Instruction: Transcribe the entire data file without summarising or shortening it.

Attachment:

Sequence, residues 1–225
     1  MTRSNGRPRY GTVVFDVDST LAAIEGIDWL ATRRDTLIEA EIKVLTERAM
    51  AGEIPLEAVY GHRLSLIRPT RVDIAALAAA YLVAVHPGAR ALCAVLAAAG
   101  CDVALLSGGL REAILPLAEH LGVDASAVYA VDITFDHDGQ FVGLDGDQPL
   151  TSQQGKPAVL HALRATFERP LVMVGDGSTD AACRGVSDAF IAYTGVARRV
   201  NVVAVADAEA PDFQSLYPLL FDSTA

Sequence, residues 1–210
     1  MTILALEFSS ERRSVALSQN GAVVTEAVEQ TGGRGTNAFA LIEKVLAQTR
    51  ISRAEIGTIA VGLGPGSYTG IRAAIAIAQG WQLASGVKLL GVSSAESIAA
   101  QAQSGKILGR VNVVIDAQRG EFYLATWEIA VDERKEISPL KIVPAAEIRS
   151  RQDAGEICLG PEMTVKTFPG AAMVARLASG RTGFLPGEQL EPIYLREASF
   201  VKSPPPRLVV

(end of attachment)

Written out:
Sequence, residues 1–225
     1  MTRSNGRPRY GTVVFDVDST LAAIEGIDWL ATRRDTLIEA EIKVLTERAM
    51  AGEIPLEAVY GHRLSLIRPT RVDIAALAAA YLVAVHPGAR ALCAVLAAAG
   101  CDVALLSGGL REAILPLAEH LGVDASAVYA VDITFDHDGQ FVGLDGDQPL
   151  TSQQGKPAVL HALRATFERP LVMVGDGSTD AACRGVSDAF IAYTGVARRV
   201  NVVAVADAEA PDFQSLYPLL FDSTA

Sequence, residues 1–210
     1  MTILALEFSS ERRSVALSQN GAVVTEAVEQ TGGRGTNAFA LIEKVLAQTR
    51  ISRAEIGTIA VGLGPGSYTG IRAAIAIAQG WQLASGVKLL GVSSAESIAA
   101  QAQSGKILGR VNVVIDAQRG EFYLATWEIA VDERKEISPL KIVPAAEIRS
   151  RQDAGEICLG PEMTVKTFPG AAMVARLASG RTGFLPGEQL EPIYLREASF
   201  VKSPPPRLVV